Friday, May 9, 2008

The 9/11 Report: a Graphic Adaptation and New Literacies

In the fall of 2004, 72-year-old Ernie Colon bought and read the 9/11 Commission Report, realizing as he did that only a fraction of the book’s buyers would do the same. With tons of free time even though he was employed as a security guard, he wondered if more people would read the Report if it were presented in an easier to understand format. He called Sid Jacobson and put together the nonfiction graphic adaptation of the 9/11 Report.

The two had worked together at Harvey Comics in the fifties, on titles like Richie Rich and Casper, the Friendly Ghost, but had moved into other fields as the superhero comic wiped out the children’s market in the nineties.

Their graphic adaptation of the 9/11 Report has won kudos from many. I found the book quite moving, and as Colon surmised, the only reason I know a lot of what I do about that Tuesday morning is because of their effort. For instance, the report states that at most, 2,152 individuals died at the WTC who were not rescue workers or on board one of the two planes. Of that number, 1,942 were at or above the impact zones. That the evacuation of the building was such a resounding success was something that I hadn’t been exposed to, even with all the coverage.

The tone set by the creators is a calm and factual one, reflecting the prose of the Report itself. The likenesses are well rendered and the information is presented in such a way that it is easily digestible. Their accomplishments will be followed with another title, After 9/11: America’s War on Terror (2001- ), and the pair have another three in the works.

This being the case, I wonder why this technique isn’t used more often. Though series like the ‘For Beginners’ have had a fair amount of success, there has been little crossover into other genres. So much can be taught in a form that many find more palatable than prose. We’ve seen how well Scott McCloud was able to discuss some fairly heady work on comics by writing in the form, and thousands of kids, including me, have read comic versions of historical classics like Moby Dick.

The popular criticism is that our country is getting dumber and prefers the graphs and photos of USA Today to the lengthy texts of the Wall Street Journal. But what if we look at that as not a failure in literacy but a shift to a different kind of literacy? With this new perspective, perhaps we can begin to see that these readers may very well be interested in reading things like Jacobson’s and Colon’s The 9/11 Report: A Graphic Adaptation.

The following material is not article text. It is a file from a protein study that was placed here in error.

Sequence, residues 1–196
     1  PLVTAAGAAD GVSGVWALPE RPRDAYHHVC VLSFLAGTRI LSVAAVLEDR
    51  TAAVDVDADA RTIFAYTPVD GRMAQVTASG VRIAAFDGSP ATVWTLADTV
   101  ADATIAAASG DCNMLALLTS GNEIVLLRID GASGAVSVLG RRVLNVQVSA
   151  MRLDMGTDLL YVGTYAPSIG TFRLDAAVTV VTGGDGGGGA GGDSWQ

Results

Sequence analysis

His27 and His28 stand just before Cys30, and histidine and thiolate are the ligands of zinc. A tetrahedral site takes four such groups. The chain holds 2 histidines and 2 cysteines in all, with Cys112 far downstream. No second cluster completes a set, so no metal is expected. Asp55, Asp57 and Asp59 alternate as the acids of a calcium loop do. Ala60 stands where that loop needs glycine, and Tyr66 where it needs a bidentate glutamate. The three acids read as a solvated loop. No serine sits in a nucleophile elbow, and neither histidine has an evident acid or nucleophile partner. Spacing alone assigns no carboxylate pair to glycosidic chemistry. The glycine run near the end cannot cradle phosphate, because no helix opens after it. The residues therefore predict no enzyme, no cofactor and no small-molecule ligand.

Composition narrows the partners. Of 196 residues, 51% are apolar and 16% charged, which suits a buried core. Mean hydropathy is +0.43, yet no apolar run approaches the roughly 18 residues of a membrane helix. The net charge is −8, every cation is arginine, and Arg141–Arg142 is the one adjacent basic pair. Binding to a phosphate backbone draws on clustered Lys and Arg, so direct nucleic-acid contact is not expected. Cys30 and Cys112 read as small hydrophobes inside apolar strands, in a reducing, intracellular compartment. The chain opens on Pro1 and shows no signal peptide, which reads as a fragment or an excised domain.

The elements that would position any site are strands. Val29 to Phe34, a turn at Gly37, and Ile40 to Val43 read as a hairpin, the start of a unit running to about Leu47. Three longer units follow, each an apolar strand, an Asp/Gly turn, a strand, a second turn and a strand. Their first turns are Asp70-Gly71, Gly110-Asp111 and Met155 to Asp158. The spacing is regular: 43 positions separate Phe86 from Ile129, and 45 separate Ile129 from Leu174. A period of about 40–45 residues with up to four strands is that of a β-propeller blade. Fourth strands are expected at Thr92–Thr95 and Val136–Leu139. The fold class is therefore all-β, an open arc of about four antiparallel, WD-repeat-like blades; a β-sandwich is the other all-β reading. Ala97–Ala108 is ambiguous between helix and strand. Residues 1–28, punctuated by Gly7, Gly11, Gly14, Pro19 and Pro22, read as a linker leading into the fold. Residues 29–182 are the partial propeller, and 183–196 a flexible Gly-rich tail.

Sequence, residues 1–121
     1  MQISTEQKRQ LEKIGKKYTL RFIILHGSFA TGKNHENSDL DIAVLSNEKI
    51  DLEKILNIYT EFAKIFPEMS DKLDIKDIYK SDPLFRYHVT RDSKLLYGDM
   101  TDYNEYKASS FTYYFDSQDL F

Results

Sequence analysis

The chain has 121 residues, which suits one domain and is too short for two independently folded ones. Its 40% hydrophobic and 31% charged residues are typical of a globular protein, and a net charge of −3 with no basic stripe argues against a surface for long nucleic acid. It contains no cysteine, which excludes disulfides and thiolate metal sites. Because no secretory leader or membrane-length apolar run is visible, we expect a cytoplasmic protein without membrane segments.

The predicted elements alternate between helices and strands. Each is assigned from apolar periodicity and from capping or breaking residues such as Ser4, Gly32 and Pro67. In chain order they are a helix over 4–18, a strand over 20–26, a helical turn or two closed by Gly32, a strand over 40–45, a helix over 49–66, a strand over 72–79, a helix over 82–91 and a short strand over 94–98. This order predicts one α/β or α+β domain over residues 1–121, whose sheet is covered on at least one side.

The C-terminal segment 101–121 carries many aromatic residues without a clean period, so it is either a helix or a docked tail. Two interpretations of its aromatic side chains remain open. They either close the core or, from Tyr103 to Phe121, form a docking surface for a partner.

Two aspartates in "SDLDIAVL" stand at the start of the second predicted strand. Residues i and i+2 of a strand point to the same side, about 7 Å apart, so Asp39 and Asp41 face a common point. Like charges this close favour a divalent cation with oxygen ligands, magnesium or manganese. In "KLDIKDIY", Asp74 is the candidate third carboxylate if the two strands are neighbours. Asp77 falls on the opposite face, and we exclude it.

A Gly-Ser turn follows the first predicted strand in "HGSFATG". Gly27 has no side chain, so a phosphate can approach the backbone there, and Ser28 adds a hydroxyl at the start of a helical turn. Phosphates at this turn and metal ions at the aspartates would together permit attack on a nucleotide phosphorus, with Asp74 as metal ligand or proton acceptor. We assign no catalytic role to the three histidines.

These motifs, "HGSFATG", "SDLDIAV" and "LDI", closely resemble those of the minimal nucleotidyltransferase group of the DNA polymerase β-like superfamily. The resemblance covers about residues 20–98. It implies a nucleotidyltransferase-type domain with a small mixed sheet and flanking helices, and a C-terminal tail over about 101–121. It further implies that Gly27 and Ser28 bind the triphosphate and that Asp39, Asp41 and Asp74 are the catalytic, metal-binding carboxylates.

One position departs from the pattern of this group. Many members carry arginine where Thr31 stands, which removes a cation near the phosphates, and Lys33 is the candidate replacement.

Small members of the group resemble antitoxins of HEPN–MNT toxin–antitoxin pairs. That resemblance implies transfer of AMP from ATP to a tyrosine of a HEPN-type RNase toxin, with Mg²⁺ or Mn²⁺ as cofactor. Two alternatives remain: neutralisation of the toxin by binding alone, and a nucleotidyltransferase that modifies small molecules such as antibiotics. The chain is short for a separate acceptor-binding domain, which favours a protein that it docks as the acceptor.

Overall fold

There may very well be a hole in the market. Somebody should fill it.

2 comments:

steve-mollmann said...

But what if we look at that as not a failure in literacy but a shift to a different kind of literacy?

I think it was you who pointed me towards Everything Bad is Good for You, which I should actually lay my hands on some day. Isn't it argued there-- though I've seen the same argument elsewhere-- that modern Americans are much more proficient at extracting information from visual media? If that's true, just as much information, if not more so, could be extracted from a graphic novel as "ordinary" prose. It might be a different sort, but it's just as valid. It makes me think of the novella version of City of Glass vs. the comic; I think the latter communicates almost the same ideas, but does in fewer pages with fewer words. Rare was the moment in reading the novella that I encountered something that I didn't remember from the comic.

Jon Polk said...

I forget the exact parameters of Johnson's argument, though as you say the same points have ben made elsewhere. I believe that a big focus for him is form over content, which would support our theory here that information transmitted in graphic novel form may be easier to assimilate than information presented merely in prose.

As for City of Glass, that is on an ever growing list of paper topics I will one day get around to writing (hopefully).